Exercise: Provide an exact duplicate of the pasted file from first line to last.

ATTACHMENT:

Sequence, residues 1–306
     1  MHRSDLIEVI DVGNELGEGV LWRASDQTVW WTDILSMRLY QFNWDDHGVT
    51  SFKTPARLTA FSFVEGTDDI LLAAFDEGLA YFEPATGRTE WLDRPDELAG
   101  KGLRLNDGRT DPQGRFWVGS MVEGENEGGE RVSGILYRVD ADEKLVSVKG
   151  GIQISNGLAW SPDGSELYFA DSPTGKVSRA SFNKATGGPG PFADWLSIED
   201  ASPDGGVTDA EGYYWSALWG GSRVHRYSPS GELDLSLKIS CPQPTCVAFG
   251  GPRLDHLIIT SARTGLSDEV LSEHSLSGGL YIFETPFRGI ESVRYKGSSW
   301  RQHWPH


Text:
Sequence, residues 1–306
     1  MHRSDLIEVI DVGNELGEGV LWRASDQTVW WTDILSMRLY QFNWDDHGVT
    51  SFKTPARLTA FSFVEGTDDI LLAAFDEGLA YFEPATGRTE WLDRPDELAG
   101  KGLRLNDGRT DPQGRFWVGS MVEGENEGGE RVSGILYRVD ADEKLVSVKG
   151  GIQISNGLAW SPDGSELYFA DSPTGKVSRA SFNKATGGPG PFADWLSIED
   201  ASPDGGVTDA EGYYWSALWG GSRVHRYSPS GELDLSLKIS CPQPTCVAFG
   251  GPRLDHLIIT SARTGLSDEV LSEHSLSGGL YIFETPFRGI ESVRYKGSSW
   301  RQHWPH